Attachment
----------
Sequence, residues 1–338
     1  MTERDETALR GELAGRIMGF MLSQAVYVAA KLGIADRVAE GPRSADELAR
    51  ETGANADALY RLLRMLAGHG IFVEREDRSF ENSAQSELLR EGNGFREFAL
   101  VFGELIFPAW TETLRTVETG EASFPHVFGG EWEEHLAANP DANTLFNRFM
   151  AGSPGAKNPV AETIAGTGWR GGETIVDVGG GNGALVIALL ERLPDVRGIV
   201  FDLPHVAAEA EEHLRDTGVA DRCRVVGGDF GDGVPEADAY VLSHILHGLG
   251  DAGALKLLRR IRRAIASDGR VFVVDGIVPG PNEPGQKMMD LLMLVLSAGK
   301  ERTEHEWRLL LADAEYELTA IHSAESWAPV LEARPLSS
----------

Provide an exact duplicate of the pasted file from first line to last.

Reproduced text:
Sequence, residues 1–338
     1  MTERDETALR GELAGRIMGF MLSQAVYVAA KLGIADRVAE GPRSADELAR
    51  ETGANADALY RLLRMLAGHG IFVEREDRSF ENSAQSELLR EGNGFREFAL
   101  VFGELIFPAW TETLRTVETG EASFPHVFGG EWEEHLAANP DANTLFNRFM
   151  AGSPGAKNPV AETIAGTGWR GGETIVDVGG GNGALVIALL ERLPDVRGIV
   201  FDLPHVAAEA EEHLRDTGVA DRCRVVGGDF GDGVPEADAY VLSHILHGLG
   251  DAGALKLLRR IRRAIASDGR VFVVDGIVPG PNEPGQKMMD LLMLVLSAGK
   301  ERTEHEWRLL LADAEYELTA IHSAESWAPV LEARPLSS